However in about 6 weeks, her empowerment set in. She came to an epiphany and asked herself something along the lines of, “What the F am I thinking? I would never let that man back into this house ever again!”
And she stuck to that sentiment because when he did reach out again and want to come back, she said “Hell no.”
She knew that he could get angry and maybe even break into the house and hurt her, but she didn’t care. She tasted freedom and it was sweet.
She didn’t care what he tried now, because she now knew what she’d been missing for all those years.
Being away from him was a new realization for her. Her power came from her honoring herself and respecting her own life enough to make decisions that might even endanger her.
Let me rephrase that because it’s important:
Your power comes from you honoring yourself even if doing so feels dangerous.
That doesn’t mean you put your life on the line. If it’s a real life or death situation, then you need to get out and get help. There are people and organizations that have been created for that very purpose.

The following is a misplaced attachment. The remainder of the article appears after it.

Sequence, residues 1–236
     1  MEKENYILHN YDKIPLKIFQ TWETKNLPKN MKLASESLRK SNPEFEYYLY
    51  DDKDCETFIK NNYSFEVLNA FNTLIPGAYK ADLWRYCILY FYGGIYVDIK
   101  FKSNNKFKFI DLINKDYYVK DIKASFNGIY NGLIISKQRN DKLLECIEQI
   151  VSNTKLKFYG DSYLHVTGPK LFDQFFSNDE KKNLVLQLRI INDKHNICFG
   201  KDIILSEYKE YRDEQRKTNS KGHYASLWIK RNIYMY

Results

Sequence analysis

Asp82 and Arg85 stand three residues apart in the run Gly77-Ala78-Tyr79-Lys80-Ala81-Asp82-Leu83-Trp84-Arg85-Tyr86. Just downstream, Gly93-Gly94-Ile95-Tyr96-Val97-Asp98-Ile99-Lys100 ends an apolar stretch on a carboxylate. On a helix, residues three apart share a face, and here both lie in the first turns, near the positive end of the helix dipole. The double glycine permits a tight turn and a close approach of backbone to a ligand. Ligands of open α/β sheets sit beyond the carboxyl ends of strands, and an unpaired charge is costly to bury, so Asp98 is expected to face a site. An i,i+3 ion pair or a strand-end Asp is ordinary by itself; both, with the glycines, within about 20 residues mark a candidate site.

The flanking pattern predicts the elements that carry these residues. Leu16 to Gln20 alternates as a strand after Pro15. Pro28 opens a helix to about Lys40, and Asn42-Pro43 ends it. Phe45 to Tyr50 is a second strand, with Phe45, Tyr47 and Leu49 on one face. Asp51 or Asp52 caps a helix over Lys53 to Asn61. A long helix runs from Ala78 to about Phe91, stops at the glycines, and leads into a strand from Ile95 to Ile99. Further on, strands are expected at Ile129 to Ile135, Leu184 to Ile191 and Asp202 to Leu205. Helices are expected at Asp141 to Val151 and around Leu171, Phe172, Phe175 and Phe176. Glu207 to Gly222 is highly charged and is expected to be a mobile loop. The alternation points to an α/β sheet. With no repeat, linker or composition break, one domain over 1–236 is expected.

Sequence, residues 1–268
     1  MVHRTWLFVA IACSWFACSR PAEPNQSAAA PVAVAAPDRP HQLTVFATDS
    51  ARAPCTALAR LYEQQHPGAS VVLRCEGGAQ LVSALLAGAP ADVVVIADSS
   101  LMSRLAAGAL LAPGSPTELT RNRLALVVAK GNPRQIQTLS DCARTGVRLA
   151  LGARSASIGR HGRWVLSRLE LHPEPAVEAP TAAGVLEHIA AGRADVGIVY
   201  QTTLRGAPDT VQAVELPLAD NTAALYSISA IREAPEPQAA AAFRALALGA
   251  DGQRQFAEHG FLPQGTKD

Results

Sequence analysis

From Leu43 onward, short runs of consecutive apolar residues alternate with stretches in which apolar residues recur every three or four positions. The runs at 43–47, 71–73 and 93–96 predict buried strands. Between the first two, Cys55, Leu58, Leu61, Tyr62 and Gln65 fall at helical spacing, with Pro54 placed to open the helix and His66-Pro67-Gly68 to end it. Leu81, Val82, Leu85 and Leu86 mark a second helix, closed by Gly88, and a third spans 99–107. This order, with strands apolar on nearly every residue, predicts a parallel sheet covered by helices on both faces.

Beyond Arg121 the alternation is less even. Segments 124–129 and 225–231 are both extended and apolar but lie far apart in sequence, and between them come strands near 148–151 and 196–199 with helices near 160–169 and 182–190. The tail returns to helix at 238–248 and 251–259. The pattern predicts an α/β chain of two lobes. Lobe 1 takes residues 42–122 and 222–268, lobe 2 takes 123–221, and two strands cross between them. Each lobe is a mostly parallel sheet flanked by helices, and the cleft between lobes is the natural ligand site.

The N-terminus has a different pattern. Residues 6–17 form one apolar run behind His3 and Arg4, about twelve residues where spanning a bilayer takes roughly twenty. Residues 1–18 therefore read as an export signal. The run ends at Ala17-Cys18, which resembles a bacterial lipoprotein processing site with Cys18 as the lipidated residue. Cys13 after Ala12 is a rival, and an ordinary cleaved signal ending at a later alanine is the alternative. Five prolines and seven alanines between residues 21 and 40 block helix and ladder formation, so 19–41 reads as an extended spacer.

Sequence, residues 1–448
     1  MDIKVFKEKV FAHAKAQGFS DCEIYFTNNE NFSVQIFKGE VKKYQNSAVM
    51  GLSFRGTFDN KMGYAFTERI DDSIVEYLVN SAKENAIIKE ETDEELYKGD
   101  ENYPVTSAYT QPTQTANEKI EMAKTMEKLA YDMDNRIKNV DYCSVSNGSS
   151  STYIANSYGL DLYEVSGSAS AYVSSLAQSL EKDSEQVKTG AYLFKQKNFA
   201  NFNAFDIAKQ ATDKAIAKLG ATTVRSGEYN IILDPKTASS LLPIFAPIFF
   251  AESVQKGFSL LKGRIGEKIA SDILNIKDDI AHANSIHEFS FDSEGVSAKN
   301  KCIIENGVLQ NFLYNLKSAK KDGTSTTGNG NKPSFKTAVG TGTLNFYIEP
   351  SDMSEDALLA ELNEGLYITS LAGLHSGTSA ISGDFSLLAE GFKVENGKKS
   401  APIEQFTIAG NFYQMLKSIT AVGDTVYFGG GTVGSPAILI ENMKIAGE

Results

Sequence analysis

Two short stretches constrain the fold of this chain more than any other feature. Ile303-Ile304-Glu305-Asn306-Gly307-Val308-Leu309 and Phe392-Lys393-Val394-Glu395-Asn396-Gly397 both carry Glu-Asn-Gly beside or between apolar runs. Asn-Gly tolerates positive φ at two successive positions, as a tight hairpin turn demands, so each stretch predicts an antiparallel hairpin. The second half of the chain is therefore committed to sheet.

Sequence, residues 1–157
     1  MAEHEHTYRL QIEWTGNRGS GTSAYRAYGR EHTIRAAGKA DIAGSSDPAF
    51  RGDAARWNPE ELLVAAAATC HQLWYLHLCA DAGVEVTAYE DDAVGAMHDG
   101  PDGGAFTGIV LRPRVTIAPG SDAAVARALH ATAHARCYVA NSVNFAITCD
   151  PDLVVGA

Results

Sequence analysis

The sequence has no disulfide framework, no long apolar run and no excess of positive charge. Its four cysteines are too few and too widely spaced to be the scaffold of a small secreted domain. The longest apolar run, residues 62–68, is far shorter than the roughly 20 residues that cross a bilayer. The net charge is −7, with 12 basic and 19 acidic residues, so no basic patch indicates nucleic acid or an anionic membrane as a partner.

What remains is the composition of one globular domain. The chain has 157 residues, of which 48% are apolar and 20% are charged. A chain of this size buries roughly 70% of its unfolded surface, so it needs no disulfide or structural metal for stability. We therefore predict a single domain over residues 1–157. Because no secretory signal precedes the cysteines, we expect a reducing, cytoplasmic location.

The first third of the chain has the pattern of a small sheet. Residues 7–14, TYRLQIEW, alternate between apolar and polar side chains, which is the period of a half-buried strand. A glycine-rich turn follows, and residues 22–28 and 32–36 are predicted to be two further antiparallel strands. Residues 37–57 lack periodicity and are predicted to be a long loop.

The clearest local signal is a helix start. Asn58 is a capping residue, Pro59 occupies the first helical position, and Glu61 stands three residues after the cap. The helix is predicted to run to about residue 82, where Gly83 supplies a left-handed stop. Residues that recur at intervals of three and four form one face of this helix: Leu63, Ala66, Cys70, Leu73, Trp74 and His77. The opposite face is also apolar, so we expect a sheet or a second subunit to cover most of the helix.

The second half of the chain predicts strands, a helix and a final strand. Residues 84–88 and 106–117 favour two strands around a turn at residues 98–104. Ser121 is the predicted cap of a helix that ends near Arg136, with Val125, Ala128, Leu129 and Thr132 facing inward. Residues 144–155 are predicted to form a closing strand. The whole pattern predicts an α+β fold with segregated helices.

But it does mean that many times we evaluate situations as being dangerous that really aren’t so, we’re just afraid of accepting what could happen.
Accepting that what could happen will happen no matter what feels dangerous. But it is closure!
And closure means there’s nothing more to fear because you have no choice but to accept and move through it, or resist it until you break blood vessels trying to prevent the inevitable.
When I broke down in the desert (well there was a highway and service station so I don’t want to make it sound overly dramatic), I believed the outcome would be that I’d lose my car and everything in it. And that I’d have no transportation for work when I got back home.
This made me so sick and panicky because I didn’t want to accept that that scenario could happen.
But it did. The bottom dropped out and I fell into the hole I resisted.
The resistance was me not wanting to lose my car and all my stuff. The bottom that fell was: